Macro-Nutrients in our Diet

Discussion in 'Social Hub' started by nivek, Jul 27, 2019.

  1. nivek

    nivek As Above So Below

    Seems every decade there is a new fad with macro-nutrients in the diets of Americans, years ago there was this thing about eating too much fat, I also remember hearing years ago about how we eat too much protein and not enough carbohydrates, currently it seems to be a big push to eat more protein...

    I personally eat in accord with my blood type which I also notice falls in line with foods I naturally tend to avoid...My blood type being A- I eat more grains and vegetables, less meat based protein, higher carbohydrate diet...Some food like bananas and oranges I liked though and ate, but pad for it later because I would get terrible indigestion after eating those fruits, only to find out they are not compatible with my blood chemistry, at least that's what the book I have on blood types and food says...I stop eating foods that were on the short list of foods to avoid, or simple ate less of them and my body is thanking me for it...I'm also not a big dairy person, I don't eat much cheese and never drink cow's milk, but only because it doesn't agree with my diet, not that those foods are bad in any way...

    Other blood types are better off with more dairy in their diets or more red meat than my blood type, it isn't about what foods are bad or good, its about your own chemistry and what foods are best for your body...I dislike vegans going after people who eat meat, or high protein dieters going after people who eat more carbs...We must maintain they availability of a wide variety of foods, everyone cannot simply eat the same type foods and be healthy, if a population with a variety of blood types had access to a very limited variety of foods I think we would see a small percentage of that population healthy whilst the rest of the population would have various health issues...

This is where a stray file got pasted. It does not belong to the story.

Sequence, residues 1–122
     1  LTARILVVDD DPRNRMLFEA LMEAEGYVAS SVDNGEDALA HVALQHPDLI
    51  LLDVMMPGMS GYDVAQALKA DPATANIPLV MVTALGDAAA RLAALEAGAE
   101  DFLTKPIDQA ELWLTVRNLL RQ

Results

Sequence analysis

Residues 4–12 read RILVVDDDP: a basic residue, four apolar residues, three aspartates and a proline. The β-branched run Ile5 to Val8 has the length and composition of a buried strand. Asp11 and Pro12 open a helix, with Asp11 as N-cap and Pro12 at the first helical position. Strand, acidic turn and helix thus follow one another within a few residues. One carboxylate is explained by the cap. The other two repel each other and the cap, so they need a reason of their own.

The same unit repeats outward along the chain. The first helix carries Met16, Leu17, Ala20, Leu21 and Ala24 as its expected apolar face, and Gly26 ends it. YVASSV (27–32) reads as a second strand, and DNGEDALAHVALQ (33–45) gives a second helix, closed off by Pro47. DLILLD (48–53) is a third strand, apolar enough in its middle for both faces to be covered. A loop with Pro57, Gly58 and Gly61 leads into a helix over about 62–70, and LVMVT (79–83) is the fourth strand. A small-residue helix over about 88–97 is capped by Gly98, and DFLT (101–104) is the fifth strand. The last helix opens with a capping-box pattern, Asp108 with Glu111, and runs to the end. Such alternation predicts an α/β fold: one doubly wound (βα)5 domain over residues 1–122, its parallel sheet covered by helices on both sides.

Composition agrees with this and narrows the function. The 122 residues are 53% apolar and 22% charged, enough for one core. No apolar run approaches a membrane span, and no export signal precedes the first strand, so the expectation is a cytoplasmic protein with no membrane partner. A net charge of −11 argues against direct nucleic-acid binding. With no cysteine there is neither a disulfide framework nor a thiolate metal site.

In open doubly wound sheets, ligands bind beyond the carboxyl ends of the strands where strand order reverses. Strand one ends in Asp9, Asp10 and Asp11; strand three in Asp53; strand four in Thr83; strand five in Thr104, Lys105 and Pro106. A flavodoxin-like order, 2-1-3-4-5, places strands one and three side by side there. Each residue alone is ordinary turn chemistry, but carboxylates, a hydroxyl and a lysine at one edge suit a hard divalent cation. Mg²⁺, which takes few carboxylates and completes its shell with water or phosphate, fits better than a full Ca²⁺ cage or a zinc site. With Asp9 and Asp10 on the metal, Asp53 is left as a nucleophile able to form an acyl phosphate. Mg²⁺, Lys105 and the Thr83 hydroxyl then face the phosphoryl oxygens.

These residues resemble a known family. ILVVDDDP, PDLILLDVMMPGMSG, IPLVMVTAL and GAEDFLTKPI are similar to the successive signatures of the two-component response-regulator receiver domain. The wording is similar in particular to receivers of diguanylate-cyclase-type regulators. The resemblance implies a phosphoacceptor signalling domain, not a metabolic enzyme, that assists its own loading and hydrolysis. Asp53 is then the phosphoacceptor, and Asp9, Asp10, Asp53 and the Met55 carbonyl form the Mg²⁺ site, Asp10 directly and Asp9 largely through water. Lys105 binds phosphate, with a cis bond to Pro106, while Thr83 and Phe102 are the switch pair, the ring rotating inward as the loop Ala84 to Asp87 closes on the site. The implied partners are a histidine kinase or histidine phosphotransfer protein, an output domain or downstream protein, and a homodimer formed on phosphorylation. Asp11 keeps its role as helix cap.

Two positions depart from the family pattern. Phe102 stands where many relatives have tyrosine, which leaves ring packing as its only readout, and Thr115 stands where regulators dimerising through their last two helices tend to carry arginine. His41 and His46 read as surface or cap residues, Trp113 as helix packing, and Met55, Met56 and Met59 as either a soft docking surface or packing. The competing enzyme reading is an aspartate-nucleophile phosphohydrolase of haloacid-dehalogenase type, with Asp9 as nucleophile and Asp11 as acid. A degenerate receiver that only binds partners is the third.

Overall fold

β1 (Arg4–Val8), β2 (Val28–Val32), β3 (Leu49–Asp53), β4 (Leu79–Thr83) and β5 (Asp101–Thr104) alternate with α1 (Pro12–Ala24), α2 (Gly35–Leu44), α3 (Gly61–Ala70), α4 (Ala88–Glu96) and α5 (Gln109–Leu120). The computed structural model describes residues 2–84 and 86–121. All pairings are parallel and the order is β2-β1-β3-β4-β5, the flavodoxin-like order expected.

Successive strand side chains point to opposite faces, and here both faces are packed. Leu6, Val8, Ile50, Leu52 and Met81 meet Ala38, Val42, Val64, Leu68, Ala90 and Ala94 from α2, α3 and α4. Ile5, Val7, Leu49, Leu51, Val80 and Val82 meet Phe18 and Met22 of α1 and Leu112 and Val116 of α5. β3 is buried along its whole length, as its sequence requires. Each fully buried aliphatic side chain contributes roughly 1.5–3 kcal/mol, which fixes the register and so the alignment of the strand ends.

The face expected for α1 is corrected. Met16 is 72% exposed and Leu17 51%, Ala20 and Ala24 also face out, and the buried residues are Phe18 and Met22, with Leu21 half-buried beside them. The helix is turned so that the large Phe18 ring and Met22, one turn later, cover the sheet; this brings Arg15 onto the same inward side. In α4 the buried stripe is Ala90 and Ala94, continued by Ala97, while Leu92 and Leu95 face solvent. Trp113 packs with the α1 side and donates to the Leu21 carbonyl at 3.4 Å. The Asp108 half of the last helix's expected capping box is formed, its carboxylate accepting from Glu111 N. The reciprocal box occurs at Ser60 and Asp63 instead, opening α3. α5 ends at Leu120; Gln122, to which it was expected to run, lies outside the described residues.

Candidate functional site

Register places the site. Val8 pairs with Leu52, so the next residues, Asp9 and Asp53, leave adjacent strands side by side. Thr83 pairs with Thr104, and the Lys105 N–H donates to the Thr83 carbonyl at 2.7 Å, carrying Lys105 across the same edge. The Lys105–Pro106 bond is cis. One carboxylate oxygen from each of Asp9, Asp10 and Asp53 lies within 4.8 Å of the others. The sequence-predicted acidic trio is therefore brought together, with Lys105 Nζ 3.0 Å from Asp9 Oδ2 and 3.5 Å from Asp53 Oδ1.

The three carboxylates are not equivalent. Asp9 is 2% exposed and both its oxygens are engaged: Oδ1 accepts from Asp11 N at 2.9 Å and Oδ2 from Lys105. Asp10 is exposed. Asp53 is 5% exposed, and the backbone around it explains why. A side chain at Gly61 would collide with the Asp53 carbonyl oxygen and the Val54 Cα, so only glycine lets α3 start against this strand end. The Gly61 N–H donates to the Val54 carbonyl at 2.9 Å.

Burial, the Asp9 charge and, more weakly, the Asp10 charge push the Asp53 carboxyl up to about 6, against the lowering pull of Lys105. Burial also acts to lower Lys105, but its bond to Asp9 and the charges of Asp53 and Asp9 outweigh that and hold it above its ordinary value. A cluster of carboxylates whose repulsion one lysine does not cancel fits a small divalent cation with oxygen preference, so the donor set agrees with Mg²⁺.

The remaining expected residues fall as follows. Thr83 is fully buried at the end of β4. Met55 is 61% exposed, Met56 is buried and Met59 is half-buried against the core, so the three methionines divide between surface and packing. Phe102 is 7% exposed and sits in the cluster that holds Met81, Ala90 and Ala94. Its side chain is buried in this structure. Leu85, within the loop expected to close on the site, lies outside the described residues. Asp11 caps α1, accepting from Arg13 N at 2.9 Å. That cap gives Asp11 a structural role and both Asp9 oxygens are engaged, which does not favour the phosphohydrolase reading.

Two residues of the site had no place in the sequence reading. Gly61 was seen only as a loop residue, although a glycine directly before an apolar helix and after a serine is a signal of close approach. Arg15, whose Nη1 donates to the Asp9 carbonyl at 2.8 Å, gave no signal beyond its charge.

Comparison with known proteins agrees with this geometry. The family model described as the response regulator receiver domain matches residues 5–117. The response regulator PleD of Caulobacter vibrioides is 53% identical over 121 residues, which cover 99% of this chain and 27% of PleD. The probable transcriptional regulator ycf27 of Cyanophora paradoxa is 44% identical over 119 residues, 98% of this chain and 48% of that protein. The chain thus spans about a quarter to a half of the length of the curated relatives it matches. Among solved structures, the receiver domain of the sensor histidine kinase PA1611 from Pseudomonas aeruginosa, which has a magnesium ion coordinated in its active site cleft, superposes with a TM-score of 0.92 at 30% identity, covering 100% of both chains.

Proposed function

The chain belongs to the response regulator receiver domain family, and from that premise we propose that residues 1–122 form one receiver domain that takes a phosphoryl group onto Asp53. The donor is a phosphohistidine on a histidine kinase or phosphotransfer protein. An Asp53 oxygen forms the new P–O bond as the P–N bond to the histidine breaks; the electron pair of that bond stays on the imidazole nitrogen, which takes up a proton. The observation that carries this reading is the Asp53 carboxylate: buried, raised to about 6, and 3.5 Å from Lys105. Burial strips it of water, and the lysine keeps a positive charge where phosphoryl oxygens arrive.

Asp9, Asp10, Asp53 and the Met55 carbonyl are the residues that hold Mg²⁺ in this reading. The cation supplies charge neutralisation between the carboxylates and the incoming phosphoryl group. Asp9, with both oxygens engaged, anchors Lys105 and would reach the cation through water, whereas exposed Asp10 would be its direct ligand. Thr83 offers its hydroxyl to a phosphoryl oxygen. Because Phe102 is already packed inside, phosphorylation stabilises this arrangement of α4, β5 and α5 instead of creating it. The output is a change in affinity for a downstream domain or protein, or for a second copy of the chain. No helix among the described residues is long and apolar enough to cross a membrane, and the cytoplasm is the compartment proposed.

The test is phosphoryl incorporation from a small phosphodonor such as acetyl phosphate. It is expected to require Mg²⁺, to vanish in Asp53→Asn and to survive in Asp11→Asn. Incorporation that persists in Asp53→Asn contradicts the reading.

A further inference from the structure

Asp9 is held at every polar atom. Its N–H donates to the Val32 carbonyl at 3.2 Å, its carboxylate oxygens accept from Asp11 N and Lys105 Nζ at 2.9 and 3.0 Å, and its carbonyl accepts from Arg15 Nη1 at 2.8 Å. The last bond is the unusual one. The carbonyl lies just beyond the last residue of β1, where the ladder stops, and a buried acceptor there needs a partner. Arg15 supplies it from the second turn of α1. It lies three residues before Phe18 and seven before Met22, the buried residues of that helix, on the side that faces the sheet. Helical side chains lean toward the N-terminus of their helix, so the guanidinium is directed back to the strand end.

Here's a good read on the fads of macro-nutrients that Americans have gone through:

    The American diet is having an unhealthy love affair with protein

    It’s dizzying. You’d think the protein craze is a concerted push to solve a culture-wide protein deficiency problem—only there isn’t one. Most Americans eat double what the average person needs (the recommended amount is 0.36 grams per pound of body weight). Since at least the 1980s, Americans have gotten more than 15% of their daily calories (pdf) from protein, according to the US Centers for Disease Control and Prevention (CDC). Health experts have suggested that, for the average person, that proportion should be closer to 10%.

    This obsession with protein is not only unnecessary. It’s unhealthy, because it sets consumers and citizens up for confusion. Instead of focusing on what’s actually important—portion control and total calorie intake—people are led to believe they need to understand how to balance complex nutritional compounds.

    There are three macronutrients in our diet—fat, carbohydrates, and protein—and in the last several decades, each one has experienced fad-like status and a fall from grace in the face of evolving nutrition science. Behind each downfall is the same knowledge gap: Humans don’t really understand macronutrients all that well, not when they are isolated from real food and studied on their own.

    (more on the link)


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